The U.S. Geological Survey (USGS) Earth Resources Observation and Science (EROS) Center is pleased to announce the December release of Landsat Collection 2, the most significant upgrade to the Landsat archive to date.
Landsat Collection 2
“We have heard the voice of our science customers, who love the quality of our products but not, in the past, the latency of collection processing,” EROS Center Director Christopher “C.J.” Loria said. “We accomplished in less than two months what would have taken roughly two years had we processed it on-premises.”
Director Loria said the movement to cloud processing and cloud data access reflects a significant paradigm shift for the USGS and DOI with regard to how Landsat data products will be accessed and used for science research and applications.
Collection 2 offers cloud access to Landsat’s nearly 50-year record of Earth surface conditions, alongside a host of improvements to data quality and easier access to Level-2 data products.
This achievement by the Department of the Interior (DOI), USGS, and EROS was undertaken for the benefit of the Landsat user community, with the goal of offering better accuracy and interoperability with other satellite data sources, as well as optimizing the archive’s compatibility with cloud-based storage and processing capabilities.
Collection 2 was processed in the Amazon Web Services (AWS) cloud environment through a USGS Cloud Hosting Services (CHS) architecture at a clip of 450,000 scenes per day—a speed that enabled the reprocessing of the entire archive in just five weeks. By comparison, it took 18 months to process Collection 1 in 2016, at a rate of 25,000 scenes each day.
“This is the first time that Landsat Collection-based data products will be offered in a cloud-friendly format and users will be able to bring their algorithms, analysis, research, and applications to the cloud without having to download a single Landsat image,” said Dr. Christopher Crawford, Landsat Science Team Co-Chair and Landsat Project Scientist for the USGS.
Collection 2 also opens the door for use of the Landsat archive within the USGS data lake, which will allow USGS scientists to leverage the Survey’s vast and disparate data sources to monitor, assess, and project change across the Nation and the world.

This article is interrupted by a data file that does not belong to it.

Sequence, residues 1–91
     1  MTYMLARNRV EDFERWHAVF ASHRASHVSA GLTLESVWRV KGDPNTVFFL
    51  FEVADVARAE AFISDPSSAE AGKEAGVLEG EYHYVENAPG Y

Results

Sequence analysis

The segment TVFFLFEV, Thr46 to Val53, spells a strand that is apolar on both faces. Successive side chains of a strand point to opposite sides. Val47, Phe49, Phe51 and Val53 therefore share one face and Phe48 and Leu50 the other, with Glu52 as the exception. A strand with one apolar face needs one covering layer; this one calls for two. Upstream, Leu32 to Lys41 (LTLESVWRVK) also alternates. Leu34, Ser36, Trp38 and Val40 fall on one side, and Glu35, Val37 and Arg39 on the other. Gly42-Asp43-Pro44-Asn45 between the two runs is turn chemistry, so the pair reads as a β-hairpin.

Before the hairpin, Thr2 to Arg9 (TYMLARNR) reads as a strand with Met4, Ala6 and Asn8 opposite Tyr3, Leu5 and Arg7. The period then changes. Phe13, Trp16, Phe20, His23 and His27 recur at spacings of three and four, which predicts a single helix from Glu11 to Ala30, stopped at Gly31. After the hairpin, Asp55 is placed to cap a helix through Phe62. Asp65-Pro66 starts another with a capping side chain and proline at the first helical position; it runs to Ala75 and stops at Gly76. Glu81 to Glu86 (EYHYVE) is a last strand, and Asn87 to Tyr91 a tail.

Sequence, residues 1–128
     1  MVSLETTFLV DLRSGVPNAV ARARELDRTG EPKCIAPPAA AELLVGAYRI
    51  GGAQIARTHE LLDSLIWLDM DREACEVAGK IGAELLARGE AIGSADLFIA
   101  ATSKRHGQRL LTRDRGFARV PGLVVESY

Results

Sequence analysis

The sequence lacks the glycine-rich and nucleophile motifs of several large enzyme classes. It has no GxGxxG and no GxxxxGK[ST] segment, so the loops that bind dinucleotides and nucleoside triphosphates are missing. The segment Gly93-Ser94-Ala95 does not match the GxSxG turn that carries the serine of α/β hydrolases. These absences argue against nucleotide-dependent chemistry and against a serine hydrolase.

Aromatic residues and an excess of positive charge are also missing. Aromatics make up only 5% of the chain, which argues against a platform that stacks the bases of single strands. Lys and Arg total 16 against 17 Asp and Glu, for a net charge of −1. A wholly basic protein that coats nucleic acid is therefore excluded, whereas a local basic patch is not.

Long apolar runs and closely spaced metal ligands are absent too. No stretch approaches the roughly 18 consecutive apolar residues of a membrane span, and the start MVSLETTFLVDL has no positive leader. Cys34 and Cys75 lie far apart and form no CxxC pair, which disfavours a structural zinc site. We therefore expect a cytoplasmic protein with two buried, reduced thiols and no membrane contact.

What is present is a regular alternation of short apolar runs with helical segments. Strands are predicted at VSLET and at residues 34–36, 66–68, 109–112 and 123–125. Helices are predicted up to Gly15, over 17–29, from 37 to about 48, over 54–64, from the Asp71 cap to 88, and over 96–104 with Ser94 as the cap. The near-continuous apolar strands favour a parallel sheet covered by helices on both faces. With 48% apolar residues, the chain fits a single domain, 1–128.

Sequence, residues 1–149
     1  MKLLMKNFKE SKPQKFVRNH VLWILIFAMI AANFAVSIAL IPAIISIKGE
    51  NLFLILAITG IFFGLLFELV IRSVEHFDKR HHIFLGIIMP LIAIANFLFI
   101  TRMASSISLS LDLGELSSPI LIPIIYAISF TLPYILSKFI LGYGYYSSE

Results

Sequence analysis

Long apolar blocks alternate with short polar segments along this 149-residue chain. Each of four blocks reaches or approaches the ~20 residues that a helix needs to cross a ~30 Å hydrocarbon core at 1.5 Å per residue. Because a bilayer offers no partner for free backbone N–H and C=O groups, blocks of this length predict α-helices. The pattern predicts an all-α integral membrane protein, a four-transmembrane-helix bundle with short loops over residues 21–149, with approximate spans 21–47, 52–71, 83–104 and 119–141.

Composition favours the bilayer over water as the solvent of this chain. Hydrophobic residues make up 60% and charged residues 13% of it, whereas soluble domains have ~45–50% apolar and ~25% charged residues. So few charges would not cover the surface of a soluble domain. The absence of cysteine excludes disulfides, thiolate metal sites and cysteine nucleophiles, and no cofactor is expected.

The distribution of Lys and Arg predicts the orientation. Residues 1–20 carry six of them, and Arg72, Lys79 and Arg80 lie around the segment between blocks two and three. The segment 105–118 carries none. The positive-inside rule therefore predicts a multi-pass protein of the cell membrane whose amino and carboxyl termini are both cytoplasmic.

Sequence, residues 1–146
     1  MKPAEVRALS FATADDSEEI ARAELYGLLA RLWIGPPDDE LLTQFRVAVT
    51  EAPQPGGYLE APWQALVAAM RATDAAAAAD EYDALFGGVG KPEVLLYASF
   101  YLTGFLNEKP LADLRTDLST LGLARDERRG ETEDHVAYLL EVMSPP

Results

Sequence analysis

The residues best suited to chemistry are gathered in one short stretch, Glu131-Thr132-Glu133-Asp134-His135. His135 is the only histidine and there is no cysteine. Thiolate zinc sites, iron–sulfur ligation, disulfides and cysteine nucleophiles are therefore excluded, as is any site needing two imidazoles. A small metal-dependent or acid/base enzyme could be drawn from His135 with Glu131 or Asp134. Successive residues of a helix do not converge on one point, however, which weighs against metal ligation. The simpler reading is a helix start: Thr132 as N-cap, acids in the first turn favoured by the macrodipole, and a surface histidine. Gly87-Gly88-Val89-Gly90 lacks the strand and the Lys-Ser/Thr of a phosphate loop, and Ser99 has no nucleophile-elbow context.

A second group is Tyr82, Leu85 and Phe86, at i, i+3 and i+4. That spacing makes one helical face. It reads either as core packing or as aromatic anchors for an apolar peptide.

Lessons learned in Collection 2 processing will serve to speed the processing of Collection 3 in the future. Chris Engebretson, the Data Processing Systems Manager for Landsat at EROS, sees the cloud as an increasingly important piece of the puzzle as EROS teams work to improve their products to meet user demands.
This milestone achievement of Collection 2 couldn’t have arrived without the diverse, inclusive, and technically capable team at the EROS Center, located near Sioux Falls, SD. A full list of contributors is too long to showcase here. Several USGS employees and support staff at EROS and beyond exhibited exceptional and conscientious efforts in the Landsat Collection 2 cloud migration project:
- EROS project managers Steve Zahn, Kristi Kline, and Steve Labahn provided strategic visioning and leadership end to end.
- Subject matter experts including Engebretson, Crawford, and Ryan Longhenry, Tom Sohre, and Kline contributed greatly to the technical implementation and product architectures.
- The USGS/NASA Landsat Science Team, USGS CHS’s Harold House and Al Pedraza, and the USGS National Land Imaging Program’s Steve Covington helped to guide and support the success of Collection 2 reprocessing.
- The EROS Information Technology Security team, led by Phil Egeberg and Zach Fuerst, which insured the safety of the Collection 2 project.
- The EROS Technical Services Support Contract (TSSC) team, headed up by Jessica Anderson and Kevin Costinett, which helped fulfill the needs of its customers and the user community throughout the process.
As a result of those efforts, the release of Collection 2 on December 1, 2020 will mark a new era for users of Landsat data. Collection 2 also features improved geodetic and geometric accuracy across the archive using the European Space Agency (ESA) Ground Reference Image, which will bolster efforts to harmonize Landsat data and data collected by Europe’s Copernicus Sentinel-2 satellites. The Landsat Level-2 products—surface temperature and surface reflectance—from 1984 through the present are also available without special requests, offering instant access to Landsat geophysical science products that will power energy balance or urban heat island studies as application examples.
Follow this link to learn more about Collection 2 through the Landsat Missions website.